Luckily, it’s not hard to make a few simple changes that will make your writing a lot better—without breaking a sweat. Here’s how.
Don’t rely on adjectives. The great irony of the English language is that adjectives are supposed to describe—but they often don’t do this effectively. Anyone can say Tad is funny—but if you say he made you laugh so hard you snorted your martini up your nose, then I really get the picture. Bottom line? Replace adjectives with actions or tell an effective story to demonstrate what you want to describe.
Mix up short and long sentences. Repetitive sentence structure is the number one cause of boring writing. Mix it up. Separate longer sentences with short, high-impact statements—and get your reader’s attention.
Don’t be afraid to break the rules. Go ahead—get a little crazy and start a sentence with a preposition. Your high school English teacher is no longer looking over your shoulder—so you can get away with it. But (see what I did there?) don’t make the mistake of throwing out the grammar baby with the bathwater. Break rules strategically for a more conversational tone—not because you don’t know the rule to begin with. Readers can tell the difference.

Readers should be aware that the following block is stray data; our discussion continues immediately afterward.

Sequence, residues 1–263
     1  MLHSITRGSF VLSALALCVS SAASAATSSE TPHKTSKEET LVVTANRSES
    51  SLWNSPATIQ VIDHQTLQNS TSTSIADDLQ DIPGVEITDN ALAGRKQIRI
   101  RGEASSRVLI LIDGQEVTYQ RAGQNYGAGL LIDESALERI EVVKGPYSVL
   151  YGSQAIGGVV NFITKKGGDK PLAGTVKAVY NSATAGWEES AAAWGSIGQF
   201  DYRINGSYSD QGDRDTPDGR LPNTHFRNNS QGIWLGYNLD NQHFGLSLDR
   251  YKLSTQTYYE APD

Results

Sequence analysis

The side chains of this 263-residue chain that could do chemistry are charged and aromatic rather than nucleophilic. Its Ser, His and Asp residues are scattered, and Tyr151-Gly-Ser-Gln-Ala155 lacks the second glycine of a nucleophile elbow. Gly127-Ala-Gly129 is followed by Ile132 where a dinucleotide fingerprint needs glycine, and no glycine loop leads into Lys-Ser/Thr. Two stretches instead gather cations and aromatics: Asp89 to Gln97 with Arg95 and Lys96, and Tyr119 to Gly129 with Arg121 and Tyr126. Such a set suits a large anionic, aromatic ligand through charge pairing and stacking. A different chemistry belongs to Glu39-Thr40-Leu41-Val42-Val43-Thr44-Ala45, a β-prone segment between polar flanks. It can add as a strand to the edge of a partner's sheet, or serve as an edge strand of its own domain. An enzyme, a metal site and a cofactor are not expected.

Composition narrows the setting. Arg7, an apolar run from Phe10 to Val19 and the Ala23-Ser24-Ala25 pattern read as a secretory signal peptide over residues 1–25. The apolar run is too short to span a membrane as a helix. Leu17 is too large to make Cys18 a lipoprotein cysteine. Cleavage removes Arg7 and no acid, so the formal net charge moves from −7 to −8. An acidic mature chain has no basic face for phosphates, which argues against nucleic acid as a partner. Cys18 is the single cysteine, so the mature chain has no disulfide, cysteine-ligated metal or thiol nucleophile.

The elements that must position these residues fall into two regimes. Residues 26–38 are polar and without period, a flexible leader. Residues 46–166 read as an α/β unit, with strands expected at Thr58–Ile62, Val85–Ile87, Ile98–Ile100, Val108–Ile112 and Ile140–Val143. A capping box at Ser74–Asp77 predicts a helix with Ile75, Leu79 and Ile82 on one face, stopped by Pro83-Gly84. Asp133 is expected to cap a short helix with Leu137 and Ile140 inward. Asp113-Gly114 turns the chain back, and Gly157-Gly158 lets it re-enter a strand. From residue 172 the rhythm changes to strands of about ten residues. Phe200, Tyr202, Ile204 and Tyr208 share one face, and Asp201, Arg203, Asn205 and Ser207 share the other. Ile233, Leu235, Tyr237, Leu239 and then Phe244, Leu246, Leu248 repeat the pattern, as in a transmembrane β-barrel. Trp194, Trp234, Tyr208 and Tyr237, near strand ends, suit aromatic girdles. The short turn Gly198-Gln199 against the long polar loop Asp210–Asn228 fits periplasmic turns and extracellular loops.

Get rid of word clutter. Redundant phrases like “absolutely essential” or “basic fundamentals;” filler words like “very” and “really;” any ineffective adjectives and adverbs—all of that has to go. The simpler your sentences, the stronger your message.
There’s plenty of writing out there that’s a slog to read—and that doesn’t do the people or organizations it represents any favors. But with a few quick tweaks, you can make your copy better without a big overhaul. Apply these tips, and you should see improved writing—and improved results.